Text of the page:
Using UTM Codes to Track URLs within Google Analytics

By September 22, 2013SEO, Google Analytics

You have already heard of Google Analytics and its specific referral sources. However, by learning how to tag URLs using UTM codes allows you to use your data at an advanced level. Utilizing UTM codes permits a chance to isolate visitors from specific campaigns. This isolation helps develop understanding to your visitors’ preferences and behaviors.

What is UTM?

Before moving into explaining how UTM codes are set up, it is necessary to understand what “UTM” is. It stands for “Urchin tracking module” and are inserted at the end of URL’s and tell many analytics tools, including Google Analytics, more information about every link. Additionally, it connects these links to specific campaigns.

The link would look something like this:

Using UTM codes guarantees any destination URLs become labelled with specific campaign names when they’re reported in Google Analytics. Your traffic becomes broken down to its source and to specific emails or other campaigns you run.

What is the purpose of UTM Codes?

You need to determine how valuable your online campaigns are. If they are successful, more traffic visit your site. Tagging URLs assists in proving how effective your campaigns are. Remember, if you set goals up in Google Analytics, it will report every campaign’s conversion metrics. An example would be when using UTM variables on the links posted on social links to see the traffic received from every post published. Additionally, adding UTM variables helps for tracking specific links to your site from your Facebook page. URL tagging allows for greater understanding of any campaigns you run. Any search engine can provide conversion tracking and statistics around a variety of methods, like clicks, impressions, click-through-rates, and such. Yet, these stats do not explain what happens with users “post click” thus making URL Tagging incredibly useful for advertisers.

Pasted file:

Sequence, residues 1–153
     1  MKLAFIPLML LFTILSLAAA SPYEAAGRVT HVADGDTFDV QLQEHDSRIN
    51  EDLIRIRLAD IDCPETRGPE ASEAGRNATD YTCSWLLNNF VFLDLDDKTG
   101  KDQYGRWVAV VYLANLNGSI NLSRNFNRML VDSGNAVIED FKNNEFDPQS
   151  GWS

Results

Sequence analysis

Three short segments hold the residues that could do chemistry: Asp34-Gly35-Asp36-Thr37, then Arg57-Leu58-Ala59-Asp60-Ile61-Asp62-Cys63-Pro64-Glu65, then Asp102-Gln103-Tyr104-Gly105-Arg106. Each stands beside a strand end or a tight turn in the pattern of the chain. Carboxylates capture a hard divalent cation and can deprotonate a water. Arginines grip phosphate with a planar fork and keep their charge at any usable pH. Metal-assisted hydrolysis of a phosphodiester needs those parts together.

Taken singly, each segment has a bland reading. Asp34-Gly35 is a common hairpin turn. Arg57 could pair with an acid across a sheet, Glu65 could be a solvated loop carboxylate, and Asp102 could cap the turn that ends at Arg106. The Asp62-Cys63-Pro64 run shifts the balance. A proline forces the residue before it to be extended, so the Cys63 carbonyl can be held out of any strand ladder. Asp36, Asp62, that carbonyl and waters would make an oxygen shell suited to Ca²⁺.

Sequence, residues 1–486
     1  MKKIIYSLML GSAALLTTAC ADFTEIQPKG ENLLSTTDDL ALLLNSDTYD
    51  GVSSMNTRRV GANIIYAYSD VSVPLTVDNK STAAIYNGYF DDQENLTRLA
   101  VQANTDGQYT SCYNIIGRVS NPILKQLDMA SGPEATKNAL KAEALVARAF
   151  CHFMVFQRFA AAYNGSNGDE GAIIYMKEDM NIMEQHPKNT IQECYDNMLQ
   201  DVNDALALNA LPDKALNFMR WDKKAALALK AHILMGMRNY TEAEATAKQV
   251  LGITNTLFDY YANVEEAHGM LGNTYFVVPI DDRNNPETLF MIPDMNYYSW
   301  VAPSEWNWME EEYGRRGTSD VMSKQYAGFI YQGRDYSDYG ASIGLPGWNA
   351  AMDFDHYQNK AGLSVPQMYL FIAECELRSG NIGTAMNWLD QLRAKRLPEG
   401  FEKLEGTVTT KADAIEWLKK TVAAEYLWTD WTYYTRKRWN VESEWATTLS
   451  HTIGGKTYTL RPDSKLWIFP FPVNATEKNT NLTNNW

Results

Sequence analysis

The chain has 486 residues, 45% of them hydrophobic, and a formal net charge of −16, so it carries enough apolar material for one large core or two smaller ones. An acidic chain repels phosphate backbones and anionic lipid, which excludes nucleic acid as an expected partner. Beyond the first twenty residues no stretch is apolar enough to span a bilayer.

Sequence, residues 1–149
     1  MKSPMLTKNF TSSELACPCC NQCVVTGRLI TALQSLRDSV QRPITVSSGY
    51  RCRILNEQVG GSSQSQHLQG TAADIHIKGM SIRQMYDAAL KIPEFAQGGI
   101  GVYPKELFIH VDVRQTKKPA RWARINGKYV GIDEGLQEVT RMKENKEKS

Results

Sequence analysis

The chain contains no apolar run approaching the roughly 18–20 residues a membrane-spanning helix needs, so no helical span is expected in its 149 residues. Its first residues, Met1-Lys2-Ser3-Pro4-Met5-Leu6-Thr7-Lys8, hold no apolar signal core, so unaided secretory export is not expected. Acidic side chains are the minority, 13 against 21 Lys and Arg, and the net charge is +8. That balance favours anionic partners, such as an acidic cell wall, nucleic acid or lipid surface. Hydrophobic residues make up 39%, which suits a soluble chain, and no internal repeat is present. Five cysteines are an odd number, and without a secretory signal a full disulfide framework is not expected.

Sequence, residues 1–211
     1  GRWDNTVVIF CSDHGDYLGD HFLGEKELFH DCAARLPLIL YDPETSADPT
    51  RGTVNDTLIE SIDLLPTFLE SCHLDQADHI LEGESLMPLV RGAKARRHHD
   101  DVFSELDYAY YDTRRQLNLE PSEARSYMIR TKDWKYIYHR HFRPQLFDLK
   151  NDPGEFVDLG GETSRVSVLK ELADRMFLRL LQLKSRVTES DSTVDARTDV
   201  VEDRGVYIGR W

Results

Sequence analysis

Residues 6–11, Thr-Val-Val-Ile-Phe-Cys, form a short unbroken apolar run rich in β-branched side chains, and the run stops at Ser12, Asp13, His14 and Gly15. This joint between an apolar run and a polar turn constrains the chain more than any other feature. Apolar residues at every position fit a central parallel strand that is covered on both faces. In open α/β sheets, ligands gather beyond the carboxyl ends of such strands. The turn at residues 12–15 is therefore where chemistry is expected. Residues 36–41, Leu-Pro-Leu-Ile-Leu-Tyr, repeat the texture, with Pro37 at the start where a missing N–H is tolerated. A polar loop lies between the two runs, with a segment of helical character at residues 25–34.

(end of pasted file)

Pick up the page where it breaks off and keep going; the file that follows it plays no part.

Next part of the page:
Structuring UTM Codes

To best structure your UTM codes, any understanding of each parameter is necessary.

  1. Campaign Source: this is basically the search engine or platform your ads run on (Google, Facebook, other websites, etc.)
  2. Campaign Medium: states what advertising campaign was used in the URL (email, PPC, etc.)
  3. Campaign Name: field where you can insert the name of the campaign

The three fields are necessary, but you can also use content and term parameters to track additional details such as any keywords from a campaign or if ads have different click points.

Setting Up URL Tagging

  1. Manual URL Tagging

When using a third-party advertising tool, you often have the ability to automatically tag URLs. These tags are for specific links with organic social posts, banner links, and other varying links for campaigns being used outside of third party software. When this happens, manual URL tagging is the only option.

It is not necessary to create each UTM tag by hand. Instead, use UTM generators including the following:

  • Excel URL builder
  • Effin Amazing’s Chrome extension
  • Google’s URL Builder
  • UTM Tagging template for Google Sheets

Google’s URL Builder generates URLs tagged with UTM codes for free, but works best for single campaigns. If you wish to create UTM tags in bulk or keep track of naming conventions, this may not be the best tool.